IN BIG BUILDER'S DECEMBER 2004 ISSUE, we reported that even after Pulte Homes scales back the product variations it offers home buyers, the number of choices for a home hunter still would hover in the stratospheric range of more than 1,000 plans. Unfortunately for many big builders, plan over-proliferation is not atypical—not even in this segment of the home construction business that most relies on economies of scale for profitability. The plenitude in choices is due, at least in part, to lots of builders being great at putting Americans' evolving dreams down on paper and then into reality on a building lot. For years, the term “mass customization” has been all the buzz, and it's no wonder builders have gone to every possible length to accommodate consumers' demands to “have it their way,” even at the expense of valuable time and focus, if not money.
As consumers' expectations change—the youngest adults often leading the charge to shape the features and benefits of products and services around their individual passions, interests, and tastes—the line between customization and options and upgrades that are profitable gets blurrier for builders. “This amount of customization just doesn't happen in other businesses,” says Warrenville, Ill.-based Neumann Homes' president Ken Neumann as he explains why his own firm sticks to a finite number of home plans with no exceptions. “If someone buying even the most expensive production car said they wanted it with pink leather interior, they'd get laughed out of the car dealership. We've taken ourselves out of the market for some home buyers because we're not set up to do custom plans,” he says. “We just decided we can't be everything to everyone.”
It would appear that Neumann's lack of give on the mass customization front might not be the disadvantage he imagines it to be. Consumers are largely overwhelmed when it comes to having to choose from so many options in the consumer goods and services world, and it seems that home buyers are no less afflicted.
To get at the issue of how American consumers are increasingly at wits' end over the mind-numbing number of choices they have to make as they carry out transactions large and small, we asked consumer market futurist Andrew Zolli to query Barry Schwartz—author of one of business publishing's hottest titles, The Paradox of Choice—on how his theory might apply to home buyers. What follows is an e-mail dialogue on how the over-abundance of choices often leaves consumers feeling less-than-elated, and suggestions on what builders might do to address that sentiment.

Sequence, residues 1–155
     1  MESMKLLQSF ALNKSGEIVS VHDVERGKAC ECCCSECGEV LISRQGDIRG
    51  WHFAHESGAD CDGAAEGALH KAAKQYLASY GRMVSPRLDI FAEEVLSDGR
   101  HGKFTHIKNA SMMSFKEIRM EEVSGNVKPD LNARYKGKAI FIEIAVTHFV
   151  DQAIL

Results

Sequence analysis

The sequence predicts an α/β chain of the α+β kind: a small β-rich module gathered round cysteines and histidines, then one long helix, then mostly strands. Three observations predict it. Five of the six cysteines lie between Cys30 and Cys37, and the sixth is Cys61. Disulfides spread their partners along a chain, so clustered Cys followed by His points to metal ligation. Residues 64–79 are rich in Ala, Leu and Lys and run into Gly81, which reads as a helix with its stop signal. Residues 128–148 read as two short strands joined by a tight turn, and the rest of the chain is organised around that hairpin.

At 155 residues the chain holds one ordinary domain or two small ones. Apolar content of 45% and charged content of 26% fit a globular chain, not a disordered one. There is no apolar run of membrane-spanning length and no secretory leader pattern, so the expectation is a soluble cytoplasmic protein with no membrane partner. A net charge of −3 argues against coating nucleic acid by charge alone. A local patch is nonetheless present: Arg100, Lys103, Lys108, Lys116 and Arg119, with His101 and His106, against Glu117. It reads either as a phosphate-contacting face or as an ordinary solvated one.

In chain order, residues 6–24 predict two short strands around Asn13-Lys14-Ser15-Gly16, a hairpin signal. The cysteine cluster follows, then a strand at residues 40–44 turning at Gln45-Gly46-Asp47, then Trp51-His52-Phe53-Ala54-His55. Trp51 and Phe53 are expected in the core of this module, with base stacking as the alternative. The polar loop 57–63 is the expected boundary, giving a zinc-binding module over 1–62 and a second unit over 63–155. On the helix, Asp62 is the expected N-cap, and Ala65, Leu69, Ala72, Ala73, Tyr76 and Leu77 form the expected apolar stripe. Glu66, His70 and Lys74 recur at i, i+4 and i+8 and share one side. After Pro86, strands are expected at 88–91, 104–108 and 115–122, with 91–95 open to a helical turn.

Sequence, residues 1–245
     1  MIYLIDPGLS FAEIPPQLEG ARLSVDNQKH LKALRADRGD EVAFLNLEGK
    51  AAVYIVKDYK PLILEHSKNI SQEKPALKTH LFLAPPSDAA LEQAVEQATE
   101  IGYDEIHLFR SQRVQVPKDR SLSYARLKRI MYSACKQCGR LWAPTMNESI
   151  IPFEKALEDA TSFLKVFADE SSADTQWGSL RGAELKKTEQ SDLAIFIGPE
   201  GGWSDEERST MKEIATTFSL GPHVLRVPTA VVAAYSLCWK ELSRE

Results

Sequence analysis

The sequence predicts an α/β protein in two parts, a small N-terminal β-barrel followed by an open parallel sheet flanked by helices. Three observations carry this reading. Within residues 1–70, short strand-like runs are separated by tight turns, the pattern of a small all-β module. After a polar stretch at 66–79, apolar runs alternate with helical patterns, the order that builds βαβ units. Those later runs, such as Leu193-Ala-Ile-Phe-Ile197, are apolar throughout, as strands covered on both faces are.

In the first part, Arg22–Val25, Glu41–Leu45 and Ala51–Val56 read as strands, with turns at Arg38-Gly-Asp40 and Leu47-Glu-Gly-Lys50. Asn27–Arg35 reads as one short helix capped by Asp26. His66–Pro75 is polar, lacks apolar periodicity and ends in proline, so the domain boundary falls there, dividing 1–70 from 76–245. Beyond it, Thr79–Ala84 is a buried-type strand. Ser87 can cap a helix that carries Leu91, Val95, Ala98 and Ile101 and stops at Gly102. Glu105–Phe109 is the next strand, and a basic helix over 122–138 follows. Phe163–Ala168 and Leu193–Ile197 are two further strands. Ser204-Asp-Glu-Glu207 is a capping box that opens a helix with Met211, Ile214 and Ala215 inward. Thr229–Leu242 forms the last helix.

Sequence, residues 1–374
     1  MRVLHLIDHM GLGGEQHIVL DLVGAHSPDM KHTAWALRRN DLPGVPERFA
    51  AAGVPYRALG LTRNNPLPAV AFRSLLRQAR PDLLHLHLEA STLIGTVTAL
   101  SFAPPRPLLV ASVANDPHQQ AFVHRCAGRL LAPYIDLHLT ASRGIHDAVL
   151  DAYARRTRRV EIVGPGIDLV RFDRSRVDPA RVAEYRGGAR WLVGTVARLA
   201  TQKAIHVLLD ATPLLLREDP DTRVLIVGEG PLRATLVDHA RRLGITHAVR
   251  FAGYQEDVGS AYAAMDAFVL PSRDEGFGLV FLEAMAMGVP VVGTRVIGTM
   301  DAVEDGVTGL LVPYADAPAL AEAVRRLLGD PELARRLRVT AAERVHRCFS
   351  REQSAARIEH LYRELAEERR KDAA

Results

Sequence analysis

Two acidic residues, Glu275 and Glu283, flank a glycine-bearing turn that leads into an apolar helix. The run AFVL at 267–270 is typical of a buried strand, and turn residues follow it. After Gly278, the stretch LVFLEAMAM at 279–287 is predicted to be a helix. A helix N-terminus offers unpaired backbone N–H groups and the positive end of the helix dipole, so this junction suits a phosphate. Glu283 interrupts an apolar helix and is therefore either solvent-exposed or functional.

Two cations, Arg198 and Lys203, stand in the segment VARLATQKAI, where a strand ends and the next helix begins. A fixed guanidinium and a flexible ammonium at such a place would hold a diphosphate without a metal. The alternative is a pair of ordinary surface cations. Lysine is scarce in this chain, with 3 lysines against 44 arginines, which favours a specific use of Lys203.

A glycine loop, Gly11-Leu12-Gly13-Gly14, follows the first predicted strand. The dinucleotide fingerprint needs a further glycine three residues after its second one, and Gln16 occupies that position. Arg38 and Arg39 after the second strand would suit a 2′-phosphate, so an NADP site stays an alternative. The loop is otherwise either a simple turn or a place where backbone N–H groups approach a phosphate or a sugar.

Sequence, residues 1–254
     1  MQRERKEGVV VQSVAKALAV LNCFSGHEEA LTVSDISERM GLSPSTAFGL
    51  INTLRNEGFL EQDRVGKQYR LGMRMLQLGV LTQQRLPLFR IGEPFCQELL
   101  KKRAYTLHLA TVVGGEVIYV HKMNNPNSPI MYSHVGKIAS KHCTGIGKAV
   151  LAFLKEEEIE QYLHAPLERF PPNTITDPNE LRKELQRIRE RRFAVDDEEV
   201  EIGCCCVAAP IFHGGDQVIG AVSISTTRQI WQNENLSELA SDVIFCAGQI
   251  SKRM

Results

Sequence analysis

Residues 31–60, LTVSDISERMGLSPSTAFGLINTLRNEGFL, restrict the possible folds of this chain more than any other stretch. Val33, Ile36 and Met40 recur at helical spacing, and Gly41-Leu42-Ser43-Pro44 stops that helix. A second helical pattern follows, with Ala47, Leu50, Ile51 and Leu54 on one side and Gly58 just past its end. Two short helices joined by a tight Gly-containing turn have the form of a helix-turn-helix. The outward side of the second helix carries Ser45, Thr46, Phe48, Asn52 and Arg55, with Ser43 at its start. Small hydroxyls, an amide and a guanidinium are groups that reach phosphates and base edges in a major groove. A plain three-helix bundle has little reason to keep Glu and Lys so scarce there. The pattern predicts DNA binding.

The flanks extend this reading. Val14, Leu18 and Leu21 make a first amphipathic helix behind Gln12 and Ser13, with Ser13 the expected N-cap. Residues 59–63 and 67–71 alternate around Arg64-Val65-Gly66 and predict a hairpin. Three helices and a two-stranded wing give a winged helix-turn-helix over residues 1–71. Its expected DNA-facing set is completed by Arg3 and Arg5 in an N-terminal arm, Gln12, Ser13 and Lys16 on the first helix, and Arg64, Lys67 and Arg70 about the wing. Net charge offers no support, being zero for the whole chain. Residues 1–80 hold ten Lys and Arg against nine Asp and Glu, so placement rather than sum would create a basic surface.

Andrew Zolli: You note in The Paradox of Choice that Americans are the wealthiest, the most choice-laden, and the saddest people in the world. How do these facts correlate?
Barry Schwartz: One of the factors leading to increased sadness in the face of increased wealth is that people are overwhelmed with choice. All this choice puts great pressure on us to figure out what to choose and increases our expectations about how good the results of our choices will be, so that we end up disappointed even with good choices. It also increases the chances that we will regret our choices and increases the chances that we will blame ourselves when choices disappoint. Choice overload can also lead to a kind of decision paralysis, where we have so much trouble deciding what to choose that we end up choosing ‘none of the above.' A striking example of this is the finding that as the number of 401(k) options offered to people by employers increases, the chances that people will choose any of them decreases, even though failure to choose often costs employees significant amounts of matched money from employers.
AZ: The constant proliferation of choice could be seen as an engine of innovation, ‘discovering' variations that wouldn't otherwise be found. In this sense, could choice abundance be bad for us individually and good for us collectively?
BS: Yes. And the reverse is also true. For those who can manage choice, and who accumulate enough material resources to take full advantage of it, more choice can be good. That is, for the ‘successful' individuals, the more choice the better, while for society as a whole, all this choice produces less and less life satisfaction.
AZ: Americans bought 1.6 million homes last year, and despite worries, the housing market continues to be strong. Is housing, like other consumer goods, subject to the paradox of choice? Or is housing—perhaps because of the level to which we can customize it, or because it is intrinsically a ‘long-term' good that we live with for years—somehow different?
BS: My sense is that the only thing that makes it possible for people ever to pull the trigger and buy a house is that financial constraints limit their options. In related terms, they are buying houses that are already built, so they can't remake everything. If people had the same kind of flexibility in buying a house that they do in buying jeans, everybody would still be renting.